463
. ,
[PubMed]
Kringelbach
,
M. L.
, &
Deco
,
G.
(
2020
).
Brain states and transitions: Insights from computational neuroscience
.
Cell Reports
,
32
(
10
),
108128
. ,
[PubMed]
Kolmogorov
,
A. N.
(
1941
).
Dissipation of energy in the locally isotropic turbulence
.
Doklady Akademii Nauk SSSR A
,
32
,
16
18
.
Kuramoto
,
Y.
(
1984
).
Chemical turbulence
. In
Chemical oscillations, waves, and turbulence
(pp.
111
140
).
Berlin
:
Springer
.
López-González
,
A.
,
Panda
,
R.
,
Ponce-Alvarez
,
A.
,
Zamora-López
,
G.
,
Escrichs
,
A.
,
Martial
,
C.
,
Thibaut
,
A.
,
Gosseries
,
O.
,
Kringelbach
,
M. L.
,
Annen
,
J.
,
Laureys
,
S.
, &
Deco
,
G.
(
2021
).
Loss of consciousness reduces the stability of brain hubs and the heterogeneity of brain dynamics
.
Communications Biology
,
4
(
1
),
1037
. ,
[PubMed]
Martínez-Molina
,
N.
(
2023
).
Whole-brain turbulent-like dynamics and Hopf computational model, GitHub
, https://github.com/noechan/TBI_ON_turbu_Hopf
Martínez-Molina
,
N.
,
Siponkoski
,
S.-T.
,
Kuusela
,
L.
,
Laitinen
,
S.
,
Holma
,
M.
,
Ahlfors
,
M.
,
Jordan-Kilkki
,
P.
,
Ala-Kauhaluoma
,
K.
,
Melkas
,
S.
,
Pekkola
,
J.
,
Rodriguez-Fornells
,
A.
,
Laine
,
M.
,
Ylinen
,
A.
,
Rantanen
,
P.
,
Koskinen
,
S.
,
Cowley
,
B. U.
, &
Särkämo
,
T.
(
2021
).
Resting-state network plasticity induced by music therapy after traumatic brain injury
.
Neural Plasticity
,
2021
,
6682471
. ,
[PubMed]
McAllister
,
T. W.
,
Flashman
,
L. A.
,
Sparling
,
M. B.
, &
Saykin
,
A. J.
(
2004
).
Working memory deficits after traumatic brain injury: Catecholaminergic mechanisms and prospects for treatment—A review
.
Brain Injury
,
18
(
4
),
331
350
. ,
[PubMed]
Medaglia
,
J. D.
,
Erickson
,
B. A.
,
Pustina
,
D.
,
Kelkar
,
A. S.
,
DeMarco
,
A. T.
,
Dickens
,
J. V.
, &
Turkeltaub
,
P. E.
(
2022
).
Simulated attack reveals how lesions affect network properties in poststroke aphasia
.
Journal of Neuroscience
,
42
(
24
),
4913
4926
. ,
[PubMed]
Momi
,
D.
,
Wang
,
Z.
, &
Griffiths
,
J. D.
(
2023
).
TMS-evoked responses are driven by recurrent large-scale network dynamics
.
eLife
,
12
,
e83232
. ,
[PubMed]
Nardone
,
R.
,
Sebastianelli
,
L.
,
Versace
,
V.
,
Brigo
,
F.
,
Golaszewski
,
S.
,
Manganotti
,
P.
,
Saltuari
,
L.
, &
Trinka
,
E.
(
2020
).
Repetitive transcranial magnetic stimulation in traumatic brain injury: Evidence from animal and human studies
.
Brain Research Bulletin
,
159
,
44
52
. ,
[PubMed]
National Academies of Sciences, Engineering, and Medicine
. (
2022
).
Traumatic brain injury: A roadmap for accelerating progress
.
Washington, DC
:
National Academies Press
.
Nieto-Castanon
,
A.
(
2020
).
Handbook of functional connectivity magnetic resonance imaging methods in CONN
.
Boston
:
Hilbert Press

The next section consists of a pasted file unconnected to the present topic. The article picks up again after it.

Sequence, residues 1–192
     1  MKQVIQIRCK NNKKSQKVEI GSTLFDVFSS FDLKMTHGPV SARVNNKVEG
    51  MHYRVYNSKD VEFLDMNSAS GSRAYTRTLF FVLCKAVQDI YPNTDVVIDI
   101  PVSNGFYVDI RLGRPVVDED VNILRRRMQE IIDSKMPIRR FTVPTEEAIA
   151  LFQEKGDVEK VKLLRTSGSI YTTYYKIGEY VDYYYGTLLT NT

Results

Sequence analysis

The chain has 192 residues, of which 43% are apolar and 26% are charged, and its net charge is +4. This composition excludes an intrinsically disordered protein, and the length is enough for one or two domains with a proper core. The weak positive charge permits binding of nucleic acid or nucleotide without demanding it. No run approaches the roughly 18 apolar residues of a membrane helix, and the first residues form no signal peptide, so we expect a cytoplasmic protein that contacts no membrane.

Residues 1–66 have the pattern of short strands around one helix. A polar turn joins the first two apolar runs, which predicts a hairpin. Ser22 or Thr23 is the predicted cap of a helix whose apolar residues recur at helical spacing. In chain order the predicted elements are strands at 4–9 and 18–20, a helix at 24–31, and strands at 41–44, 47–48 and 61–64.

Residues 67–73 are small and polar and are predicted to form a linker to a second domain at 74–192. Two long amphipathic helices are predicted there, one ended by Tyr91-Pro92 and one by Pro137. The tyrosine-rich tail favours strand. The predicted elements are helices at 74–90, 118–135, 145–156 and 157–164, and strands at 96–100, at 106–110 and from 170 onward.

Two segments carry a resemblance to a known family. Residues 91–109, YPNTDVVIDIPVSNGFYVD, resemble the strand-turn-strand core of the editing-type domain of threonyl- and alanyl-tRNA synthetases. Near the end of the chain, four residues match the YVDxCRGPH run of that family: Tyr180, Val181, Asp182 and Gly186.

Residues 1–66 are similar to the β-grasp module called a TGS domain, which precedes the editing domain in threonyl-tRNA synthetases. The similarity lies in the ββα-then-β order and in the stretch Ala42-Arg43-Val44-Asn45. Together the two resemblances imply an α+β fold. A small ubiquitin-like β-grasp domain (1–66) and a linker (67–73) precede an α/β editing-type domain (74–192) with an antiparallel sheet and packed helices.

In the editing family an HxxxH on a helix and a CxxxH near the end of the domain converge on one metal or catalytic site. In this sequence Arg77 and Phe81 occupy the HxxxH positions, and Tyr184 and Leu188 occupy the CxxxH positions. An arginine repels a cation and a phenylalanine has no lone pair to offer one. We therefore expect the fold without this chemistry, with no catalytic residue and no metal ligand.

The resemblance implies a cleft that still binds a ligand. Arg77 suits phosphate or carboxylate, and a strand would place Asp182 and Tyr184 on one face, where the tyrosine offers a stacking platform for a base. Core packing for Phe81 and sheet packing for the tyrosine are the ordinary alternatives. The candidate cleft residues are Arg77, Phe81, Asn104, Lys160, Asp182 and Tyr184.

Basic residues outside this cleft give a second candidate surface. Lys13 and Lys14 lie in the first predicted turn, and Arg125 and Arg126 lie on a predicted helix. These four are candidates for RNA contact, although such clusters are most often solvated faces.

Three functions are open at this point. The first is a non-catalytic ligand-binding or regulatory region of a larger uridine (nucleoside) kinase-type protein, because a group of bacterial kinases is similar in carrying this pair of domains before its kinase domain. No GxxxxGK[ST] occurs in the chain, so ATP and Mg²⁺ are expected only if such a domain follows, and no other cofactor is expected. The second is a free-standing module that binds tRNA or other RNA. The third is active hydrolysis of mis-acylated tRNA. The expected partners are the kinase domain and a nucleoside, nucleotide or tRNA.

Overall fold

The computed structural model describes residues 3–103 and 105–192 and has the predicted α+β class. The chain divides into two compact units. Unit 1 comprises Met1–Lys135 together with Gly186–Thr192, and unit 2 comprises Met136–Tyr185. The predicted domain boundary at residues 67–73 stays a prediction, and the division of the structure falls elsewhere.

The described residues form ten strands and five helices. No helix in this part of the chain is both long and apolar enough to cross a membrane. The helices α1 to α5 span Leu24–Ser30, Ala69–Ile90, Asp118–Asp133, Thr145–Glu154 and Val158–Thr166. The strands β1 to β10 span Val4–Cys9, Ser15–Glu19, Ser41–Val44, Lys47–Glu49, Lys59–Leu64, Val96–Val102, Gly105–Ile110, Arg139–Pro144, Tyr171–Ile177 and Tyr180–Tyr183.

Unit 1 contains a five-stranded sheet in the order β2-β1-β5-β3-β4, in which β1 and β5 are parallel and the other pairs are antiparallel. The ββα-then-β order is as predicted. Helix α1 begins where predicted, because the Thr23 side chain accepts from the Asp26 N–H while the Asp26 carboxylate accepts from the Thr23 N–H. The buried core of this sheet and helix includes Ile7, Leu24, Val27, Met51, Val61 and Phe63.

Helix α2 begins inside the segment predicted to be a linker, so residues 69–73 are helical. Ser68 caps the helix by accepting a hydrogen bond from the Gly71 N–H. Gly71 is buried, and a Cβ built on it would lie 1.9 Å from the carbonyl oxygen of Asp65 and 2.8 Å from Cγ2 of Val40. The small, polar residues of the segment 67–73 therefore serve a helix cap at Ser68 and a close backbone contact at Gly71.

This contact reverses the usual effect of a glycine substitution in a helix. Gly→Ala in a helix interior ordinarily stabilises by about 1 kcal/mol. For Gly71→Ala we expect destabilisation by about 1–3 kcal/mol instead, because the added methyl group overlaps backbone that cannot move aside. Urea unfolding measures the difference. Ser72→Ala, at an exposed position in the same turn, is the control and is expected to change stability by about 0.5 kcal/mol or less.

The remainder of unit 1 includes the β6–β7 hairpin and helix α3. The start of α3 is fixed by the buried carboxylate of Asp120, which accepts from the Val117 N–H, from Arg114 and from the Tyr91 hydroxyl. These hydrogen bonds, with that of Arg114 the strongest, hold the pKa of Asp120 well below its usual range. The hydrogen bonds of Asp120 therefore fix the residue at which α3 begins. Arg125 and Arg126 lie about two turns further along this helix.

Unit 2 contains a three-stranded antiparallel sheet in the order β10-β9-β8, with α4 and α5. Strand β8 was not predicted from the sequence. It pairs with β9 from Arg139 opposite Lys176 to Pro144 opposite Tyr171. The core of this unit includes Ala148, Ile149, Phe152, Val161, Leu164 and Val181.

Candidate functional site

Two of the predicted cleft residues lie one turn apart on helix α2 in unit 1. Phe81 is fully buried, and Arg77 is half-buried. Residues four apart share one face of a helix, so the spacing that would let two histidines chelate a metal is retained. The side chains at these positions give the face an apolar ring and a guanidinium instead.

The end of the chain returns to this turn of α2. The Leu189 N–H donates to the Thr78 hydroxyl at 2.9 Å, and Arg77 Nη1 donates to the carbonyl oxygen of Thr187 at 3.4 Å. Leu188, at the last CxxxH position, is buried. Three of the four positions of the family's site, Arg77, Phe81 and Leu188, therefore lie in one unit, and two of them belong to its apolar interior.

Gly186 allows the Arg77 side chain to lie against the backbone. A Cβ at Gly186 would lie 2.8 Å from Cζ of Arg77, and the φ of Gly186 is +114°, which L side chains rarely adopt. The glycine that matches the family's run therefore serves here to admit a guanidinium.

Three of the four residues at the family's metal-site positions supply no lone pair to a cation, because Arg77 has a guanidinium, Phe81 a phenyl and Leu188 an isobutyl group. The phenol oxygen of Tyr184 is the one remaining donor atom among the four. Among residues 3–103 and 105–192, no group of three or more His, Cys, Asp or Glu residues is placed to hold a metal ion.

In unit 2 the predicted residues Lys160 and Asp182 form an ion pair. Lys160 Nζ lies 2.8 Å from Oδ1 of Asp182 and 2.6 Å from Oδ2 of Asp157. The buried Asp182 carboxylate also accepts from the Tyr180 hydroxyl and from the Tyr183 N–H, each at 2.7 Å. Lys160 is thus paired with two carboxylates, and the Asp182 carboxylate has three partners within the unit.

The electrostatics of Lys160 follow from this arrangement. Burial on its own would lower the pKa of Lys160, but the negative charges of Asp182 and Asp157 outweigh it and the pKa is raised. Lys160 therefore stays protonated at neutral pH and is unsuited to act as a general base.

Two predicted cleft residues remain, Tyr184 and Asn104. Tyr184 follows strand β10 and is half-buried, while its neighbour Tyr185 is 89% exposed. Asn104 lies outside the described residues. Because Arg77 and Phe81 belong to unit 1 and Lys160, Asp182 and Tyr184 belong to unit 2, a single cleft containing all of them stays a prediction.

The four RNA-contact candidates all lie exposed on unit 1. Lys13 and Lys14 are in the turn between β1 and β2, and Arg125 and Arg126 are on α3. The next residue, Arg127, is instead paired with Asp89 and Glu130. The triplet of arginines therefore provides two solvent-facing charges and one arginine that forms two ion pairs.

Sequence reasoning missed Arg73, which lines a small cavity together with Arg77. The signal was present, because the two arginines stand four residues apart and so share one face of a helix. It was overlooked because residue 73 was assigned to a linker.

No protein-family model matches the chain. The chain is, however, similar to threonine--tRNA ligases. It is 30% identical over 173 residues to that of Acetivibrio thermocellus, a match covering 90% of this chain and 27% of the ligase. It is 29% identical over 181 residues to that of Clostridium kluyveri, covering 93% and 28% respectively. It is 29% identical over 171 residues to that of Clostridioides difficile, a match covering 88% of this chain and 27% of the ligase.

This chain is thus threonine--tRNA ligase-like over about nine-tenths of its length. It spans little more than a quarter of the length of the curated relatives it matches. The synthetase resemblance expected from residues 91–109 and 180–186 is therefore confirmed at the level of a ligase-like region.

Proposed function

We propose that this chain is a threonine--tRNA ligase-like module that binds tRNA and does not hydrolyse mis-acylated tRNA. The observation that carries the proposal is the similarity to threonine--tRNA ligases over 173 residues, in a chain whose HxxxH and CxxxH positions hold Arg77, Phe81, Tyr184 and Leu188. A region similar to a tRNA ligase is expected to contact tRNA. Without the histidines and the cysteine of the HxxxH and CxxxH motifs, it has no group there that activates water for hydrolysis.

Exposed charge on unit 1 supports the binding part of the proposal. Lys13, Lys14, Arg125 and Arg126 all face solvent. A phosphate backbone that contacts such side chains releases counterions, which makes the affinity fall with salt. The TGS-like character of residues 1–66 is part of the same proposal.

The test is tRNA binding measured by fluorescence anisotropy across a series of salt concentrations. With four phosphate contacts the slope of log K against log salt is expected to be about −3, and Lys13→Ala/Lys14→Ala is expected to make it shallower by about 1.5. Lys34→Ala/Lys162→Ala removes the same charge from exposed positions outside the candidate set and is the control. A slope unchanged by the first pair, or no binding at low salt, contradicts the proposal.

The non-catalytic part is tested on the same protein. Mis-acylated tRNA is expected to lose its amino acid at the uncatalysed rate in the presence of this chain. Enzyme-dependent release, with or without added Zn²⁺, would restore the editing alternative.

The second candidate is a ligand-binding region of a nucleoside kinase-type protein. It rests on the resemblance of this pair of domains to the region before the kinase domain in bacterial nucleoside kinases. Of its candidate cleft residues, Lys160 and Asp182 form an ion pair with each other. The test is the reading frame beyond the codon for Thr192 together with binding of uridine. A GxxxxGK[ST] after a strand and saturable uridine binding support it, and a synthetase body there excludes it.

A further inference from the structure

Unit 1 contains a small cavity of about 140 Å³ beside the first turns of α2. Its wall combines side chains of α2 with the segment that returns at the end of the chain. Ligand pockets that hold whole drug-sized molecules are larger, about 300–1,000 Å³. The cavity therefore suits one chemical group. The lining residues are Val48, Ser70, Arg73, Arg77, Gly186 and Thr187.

.
Ponsford
,
J. L.
,
Downing
,
M. G.
,
Olver
,
J.
,
Ponsford
,
M.
,
Acher
,
R.
,
Carty
,
M.
, &
Spitz
,
G.
(
2014
).
Longitudinal follow-up of patients with traumatic brain injury: Outcome at two, five, and ten years post-injury
.
Journal of Neurotrauma
,
31
(
1
),
64
77
. ,
[PubMed]
Roy
,
A.
,
Bernier
,
R. A.
,
Wang
,
J.
,
Benson
,
M.
,
French
,
J. J.
, Jr.
,
Good
,
D. C.
, &
Hillary
,
F. G.
(
2017
).
The evolution of cost-efficiency in neural networks during recovery from traumatic brain injury
.
PLOS ONE
,
12
(
4
),
e0170541
. ,
[PubMed]
Schaefer
,
A.
,
Kong
,
R.
,
Gordon
,
E. M.
,
Laumann
,
T. O.
,
Zuo
,
X. N.
,
Holmes
,
A. J.
,
Eickhoff
,
S. B.
, &
Yeo
,
B. T. T.
(
2018
).
Local-global parcellation of the human cerebral cortex from intrinsic functional connectivity MRI
.
Cerebral Cortex
,
28
(
9
),
3095
3114
. ,
[PubMed]
Setsompop
,
K.
,
Kimmlingen
,
R.
,
Eberlein
,
E.
,
Witzel
,
T.
,
Cohen-Adad
,
J.
,
McNab
,
J. A.
,
Keil
,
B.
,
Tisdall
,
M. D.
,
Hoecht
,
P.
,
Dietz
,
P.
,
Cauley
,
S. F.
,
Tountcheva
,
V.
,
Matschl
,
V.
,
Lenz
,
V. H.
,
Heberlein
,
K.
,
Potthast
,
A.
,
Thein
,
H.
,
Van Horn
,
J.
,
Toga
,
A.
, …
Wald
,
L. L.
(
2013
).
Pushing the limits of in vivo diffusion MRI for the Human Connectome Project
.
NeuroImage
,
80
,
220
233
. ,
[PubMed]
Shanahan
,
M.
(
2010
).
Metastable chimera states in community-structured oscillator networks
.
Chaos
,
20
(
1
),
013108
. ,
[PubMed]
Sharp
,
D. J.
,
Scott
,
G.
, &
Leech
,
R.
(
2014
).
Network dysfunction after traumatic brain injury
.
Nature Reviews Neurology
,
10
(
3
),
156
166
. ,
[PubMed]
Tognoli
,
E.
, &
Kelso
,
J. A.
(
2014
).
The metastable brain
.
Neuron
,
81
(
1
),
35
48
. ,
[PubMed]
Van Dijk
,
K. R. A.
,
Hedden
,
T.
,
Venkataraman
,
A.
,
Evans
,
K. C.
,
Lazar
,
S. W.
, &
Buckner
,
R. L.
(
2010
).
Intrinsic functional connectivity as a tool for human connectomics: Theory, properties, and optimization
.
Journal of Neurophysiology
,
103
(
1
),
297
321
. ,
[PubMed]
Yang
,
L.
,
Wei
,
J.
,
Li
,
Y.
,
Wang
,
B.
,
Guo
,
H.
,
Yang
,
Y.
, &
Xiang
,
J.
(
2022
).
Test–retest reliability of synchrony and metastability in resting state fMRI
.
Brain Sciences
,
12
(
1
),
66
. ,
[PubMed]

Competing Interests

Competing Interests: The authors have declared that no competing interests exist.

Author notes

Handling Editor: Bratislav Misic

This is an open-access article distributed under the terms of the Creative Commons Attribution 4.0 International License, which permits unrestricted use, distribution, and reproduction in any medium, provided the original work is properly cited. For a full description of the license, please visit https://creativecommons.org/licenses/by/4.0/legalcode.

Supplementary data